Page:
network(s) to which the router belongs.  The administrator may also
   configure the router to advertise specific routes for directly
   connected subnets and any shorter prefixes for networks to which the
   router belongs.

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   For example, if a home user sets up a tunnel into a firewalled
   corporate network, the access router on the corporate network end of
   the tunnel should advertise itself as a default router, but with a
   Low preference. Furthermore the corporate router should advertise a
   specific route for the corporate site prefix. The net result is that
   destinations in the corporate network will be reached via the
   tunnel, and general Internet destinations will be reached via the
   home ISP. Without these mechanisms, the home machine might choose to
   send Internet traffic into the corporate network or corporate
   traffic into the Internet, leading to communication failure because
   of the firewall.

   It is worth noting that the network administrator setting up
   preferences and/or more specific routes in Routing Advertisements
   typically does not know which kind of nodes (Type A, B, and/or C)
   will be connected to its links. This requires that the administrator
   will need to configure the settings that will work in an optimal
   fashion no matter which kinds of nodes will be attached.  Two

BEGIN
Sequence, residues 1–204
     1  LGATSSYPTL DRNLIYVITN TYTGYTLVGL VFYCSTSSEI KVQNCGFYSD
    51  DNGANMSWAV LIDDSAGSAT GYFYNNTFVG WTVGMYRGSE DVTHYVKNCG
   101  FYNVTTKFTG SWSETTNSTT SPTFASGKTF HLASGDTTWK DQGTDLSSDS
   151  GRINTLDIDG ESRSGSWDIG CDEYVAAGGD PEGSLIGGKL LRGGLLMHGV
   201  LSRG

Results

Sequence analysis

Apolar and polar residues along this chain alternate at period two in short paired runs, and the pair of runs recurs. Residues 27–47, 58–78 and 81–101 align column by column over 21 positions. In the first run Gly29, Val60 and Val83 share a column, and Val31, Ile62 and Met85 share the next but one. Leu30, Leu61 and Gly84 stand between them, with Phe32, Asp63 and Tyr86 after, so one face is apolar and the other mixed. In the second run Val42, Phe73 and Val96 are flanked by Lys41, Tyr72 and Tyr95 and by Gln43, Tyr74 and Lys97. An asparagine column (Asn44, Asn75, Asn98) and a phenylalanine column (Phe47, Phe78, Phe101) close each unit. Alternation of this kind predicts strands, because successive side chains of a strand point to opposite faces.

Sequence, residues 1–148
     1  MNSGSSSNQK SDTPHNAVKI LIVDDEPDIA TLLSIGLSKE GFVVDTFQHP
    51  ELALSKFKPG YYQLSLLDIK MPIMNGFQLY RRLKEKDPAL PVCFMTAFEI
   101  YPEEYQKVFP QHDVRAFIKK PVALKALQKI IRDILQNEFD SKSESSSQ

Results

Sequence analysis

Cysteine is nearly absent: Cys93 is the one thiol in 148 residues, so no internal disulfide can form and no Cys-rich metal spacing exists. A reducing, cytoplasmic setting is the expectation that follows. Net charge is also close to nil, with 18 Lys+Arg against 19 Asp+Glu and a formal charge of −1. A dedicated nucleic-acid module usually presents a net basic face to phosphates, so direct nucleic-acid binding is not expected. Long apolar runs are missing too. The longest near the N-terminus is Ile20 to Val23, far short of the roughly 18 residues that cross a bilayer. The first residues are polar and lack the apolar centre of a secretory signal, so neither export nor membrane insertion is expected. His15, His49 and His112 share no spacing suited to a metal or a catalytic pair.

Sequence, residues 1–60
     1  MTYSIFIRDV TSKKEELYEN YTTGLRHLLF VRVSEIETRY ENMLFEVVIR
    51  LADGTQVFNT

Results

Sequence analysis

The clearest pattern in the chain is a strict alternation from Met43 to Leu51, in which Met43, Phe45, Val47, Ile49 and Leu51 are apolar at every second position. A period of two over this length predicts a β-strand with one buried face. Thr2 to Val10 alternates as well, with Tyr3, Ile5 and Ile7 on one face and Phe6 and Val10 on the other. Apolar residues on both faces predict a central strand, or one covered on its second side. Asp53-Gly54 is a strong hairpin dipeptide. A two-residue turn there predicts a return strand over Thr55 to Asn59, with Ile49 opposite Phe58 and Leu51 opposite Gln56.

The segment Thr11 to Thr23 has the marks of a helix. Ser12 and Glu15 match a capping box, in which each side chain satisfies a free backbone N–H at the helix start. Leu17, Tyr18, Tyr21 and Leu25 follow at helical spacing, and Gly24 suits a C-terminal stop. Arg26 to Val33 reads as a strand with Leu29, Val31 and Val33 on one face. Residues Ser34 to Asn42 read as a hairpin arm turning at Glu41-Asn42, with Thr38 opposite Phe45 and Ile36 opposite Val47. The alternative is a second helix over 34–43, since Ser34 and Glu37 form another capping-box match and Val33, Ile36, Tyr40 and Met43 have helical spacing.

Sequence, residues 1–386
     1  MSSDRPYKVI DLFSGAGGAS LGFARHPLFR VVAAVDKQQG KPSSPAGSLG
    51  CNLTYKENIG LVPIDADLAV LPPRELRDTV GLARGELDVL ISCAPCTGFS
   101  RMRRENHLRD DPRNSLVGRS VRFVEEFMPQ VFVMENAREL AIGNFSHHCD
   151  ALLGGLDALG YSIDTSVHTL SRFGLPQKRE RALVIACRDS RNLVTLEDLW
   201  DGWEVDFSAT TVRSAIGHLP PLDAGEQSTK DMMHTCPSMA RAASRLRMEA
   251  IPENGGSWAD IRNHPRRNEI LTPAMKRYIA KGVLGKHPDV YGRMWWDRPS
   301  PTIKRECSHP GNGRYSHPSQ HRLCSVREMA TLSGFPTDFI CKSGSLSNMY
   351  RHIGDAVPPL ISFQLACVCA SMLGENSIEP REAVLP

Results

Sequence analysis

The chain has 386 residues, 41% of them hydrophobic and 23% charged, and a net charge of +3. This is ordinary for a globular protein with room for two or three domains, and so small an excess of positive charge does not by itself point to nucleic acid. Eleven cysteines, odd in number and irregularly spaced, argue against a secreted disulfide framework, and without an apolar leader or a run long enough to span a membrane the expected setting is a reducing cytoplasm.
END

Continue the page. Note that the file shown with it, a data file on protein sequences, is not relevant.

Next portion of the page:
examples of how to do so follow.

5. Examples

5.1. Best Router for ::/0 vs Router Least Likely to Redirect

   The best router for the default route is the router with the best
   route toward the wider Internet.  The router least likely to
   redirect traffic depends on the actual traffic usage.  The two
   concepts can be different when the majority of communication
   actually needs to go through some other router.

   For example, consider a situation where you have a link with two
   routers X and Y. Router X is the best for 2002::/16. (It's your 6to4
   site gateway.) Router Y is the best for ::/0. (It connects to the
   native IPv6 Internet.) Router X forwards native IPv6 traffic to
   router Y; router Y forwards 6to4 traffic to router X. If most
   traffic from this site is sent to 2002:/16 destinations, then router
   X is the one least likely to redirect.

   To make type A hosts work well, both routers should advertise
   themselves as default routers. In particular, if router Y goes down,
   type A hosts should send traffic to router X to maintain 6to4
   connectivity, so router X as well as router Y needs to be a default

   To make type B hosts work well, router X should in addition
   advertise itself with a High default router preference. This will
   cause type B hosts to prefer router X, minimizing the number of

   To make type C hosts work well, router X should in addition
   advertise the ::/0 route with Low preference and the 2002::/16 route
   with Medium preference. A type C host will end up with three routes